Angola: Activists welcome lifting of gay ban

Angola: Activists welcome lifting of gay ban

Johannesburg 30 January: The Southern African Gender Protocol Alliance welcomes the bold move by the parliament of Angola on 23 January to decriminalise same sex relations. “This is a victory not only for Angola, but for human rights in Southern Africa,” declared Emma Kaliya, Chair of the Alliance,  a network of 136 women’s rights organisations […]

Africa in Fact: Looking East: The Asian model

This edition of Africa in Fact questions whether the Asian model can be transposed onto Africa. GGA promotes good governance in Africa and Africa in Fact publishes articles from writers across the continent. As Africa reduces its dependence on aid and foreign direct investment continues to flood in, Asian economies look attractive. They top the […]

Angola: Women Represent 59.9 of Voters in 2017 Elections

Luanda — The representation of the woman with electoral capacity in the August 23 election represents 59.9 percent of the total number of voters, said the Angolan Secretary of State for Cooperation, Ângela Bragança. The official said so during a lecture on “Women and Elections in Africa”, adding that the electoral process should be a […]

June 11, 2017 Themes: Governance Programs: SADC Gender Protocol & Alliance

Gender Based Violence: Assessment of GBV in Lamwo and Pader Districts

Uganda women’s network is an advocacy and lobbying network of national women’s NGO’s and individuals, operating in Uganda.

The constraints facing women micro-entrepreneurs in Luanda

Women micro-entrepreneurs in Luanda constitute 47 percent of the people that are engaged as employees or as micro-enterprise owners in informal sector activities. These women have resorted to informal employment and businesses or micro-enterprises out of the necessity to sustain their families. They face significant poverty and seem to be trapped in subsistence activities. Using self-administered questionnaires, this research sought to determine the constraints that face women micro-entrepreneurs in Luanda. It was found that certain conditions and attributes of these women micro-entrepreneurs, such as their low levels of education, lack of cooperation amongst them, lack of access to credit despite the presence of microfinance institutions (MFIs) in Luanda and bureaucratic requirements, prevent these women from enlarging their businesses. These constraints make them unable to generate significant income and hence they are trapped in poverty. This research can help policymakers in Luanda as well as microfinance institutions to devise ways to increase the viability of the women-owned micro-enterprises. It can also help these women owners of small businesses to adopt better ways of running their businesses in a sustainable way. The research is also a source of information that academics can draw on to develop new literature on the subject of poverty facing urban women running micro-enterprises.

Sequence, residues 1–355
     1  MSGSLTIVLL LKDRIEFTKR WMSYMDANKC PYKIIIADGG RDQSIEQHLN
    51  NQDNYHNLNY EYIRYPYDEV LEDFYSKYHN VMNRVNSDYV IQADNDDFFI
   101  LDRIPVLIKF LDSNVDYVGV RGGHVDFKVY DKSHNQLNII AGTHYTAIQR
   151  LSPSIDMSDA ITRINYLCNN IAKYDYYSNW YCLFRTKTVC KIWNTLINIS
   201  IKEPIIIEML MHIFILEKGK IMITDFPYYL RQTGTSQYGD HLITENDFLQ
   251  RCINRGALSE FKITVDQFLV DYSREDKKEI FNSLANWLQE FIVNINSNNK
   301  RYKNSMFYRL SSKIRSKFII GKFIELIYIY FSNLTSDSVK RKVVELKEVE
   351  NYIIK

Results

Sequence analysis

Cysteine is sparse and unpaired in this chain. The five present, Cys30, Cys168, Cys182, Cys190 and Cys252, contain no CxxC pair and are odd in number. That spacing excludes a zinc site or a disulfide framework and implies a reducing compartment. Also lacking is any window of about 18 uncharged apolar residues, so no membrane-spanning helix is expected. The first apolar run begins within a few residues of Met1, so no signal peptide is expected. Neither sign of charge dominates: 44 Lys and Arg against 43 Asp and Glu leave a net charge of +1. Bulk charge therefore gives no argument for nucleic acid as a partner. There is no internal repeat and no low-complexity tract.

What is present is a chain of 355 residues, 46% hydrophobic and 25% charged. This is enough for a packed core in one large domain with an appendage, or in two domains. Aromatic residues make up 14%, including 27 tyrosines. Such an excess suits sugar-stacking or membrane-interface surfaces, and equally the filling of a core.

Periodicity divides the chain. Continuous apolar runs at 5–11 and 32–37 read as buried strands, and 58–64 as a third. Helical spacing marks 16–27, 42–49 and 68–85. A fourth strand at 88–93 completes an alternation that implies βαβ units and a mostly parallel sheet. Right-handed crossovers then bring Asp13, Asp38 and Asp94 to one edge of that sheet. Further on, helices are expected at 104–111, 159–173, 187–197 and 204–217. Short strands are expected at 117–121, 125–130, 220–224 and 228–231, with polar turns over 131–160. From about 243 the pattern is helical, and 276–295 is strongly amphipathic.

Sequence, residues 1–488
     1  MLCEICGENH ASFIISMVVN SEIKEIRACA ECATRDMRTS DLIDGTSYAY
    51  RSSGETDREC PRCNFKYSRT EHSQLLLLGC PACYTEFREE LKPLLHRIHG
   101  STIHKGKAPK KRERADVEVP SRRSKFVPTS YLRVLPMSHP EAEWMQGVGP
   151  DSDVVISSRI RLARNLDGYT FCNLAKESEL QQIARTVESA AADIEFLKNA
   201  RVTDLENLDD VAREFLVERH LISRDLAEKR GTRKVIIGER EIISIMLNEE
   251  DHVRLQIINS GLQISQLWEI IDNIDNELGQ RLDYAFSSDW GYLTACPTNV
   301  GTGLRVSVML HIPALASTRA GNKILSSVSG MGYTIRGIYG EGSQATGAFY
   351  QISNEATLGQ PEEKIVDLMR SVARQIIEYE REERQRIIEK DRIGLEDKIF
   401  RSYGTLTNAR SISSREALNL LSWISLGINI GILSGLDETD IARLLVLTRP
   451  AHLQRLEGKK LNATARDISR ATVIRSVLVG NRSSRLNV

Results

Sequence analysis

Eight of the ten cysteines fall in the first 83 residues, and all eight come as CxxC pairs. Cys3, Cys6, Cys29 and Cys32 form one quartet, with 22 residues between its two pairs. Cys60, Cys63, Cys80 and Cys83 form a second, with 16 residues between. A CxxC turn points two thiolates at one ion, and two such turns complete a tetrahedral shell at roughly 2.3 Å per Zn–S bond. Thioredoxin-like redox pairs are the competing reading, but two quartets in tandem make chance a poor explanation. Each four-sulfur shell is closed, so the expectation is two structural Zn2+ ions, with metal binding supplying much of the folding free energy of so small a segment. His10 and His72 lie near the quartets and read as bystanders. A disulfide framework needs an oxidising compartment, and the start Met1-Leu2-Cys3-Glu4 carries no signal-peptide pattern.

Post-conflict transition and development in Sierra Leone a case for the transformative-justice model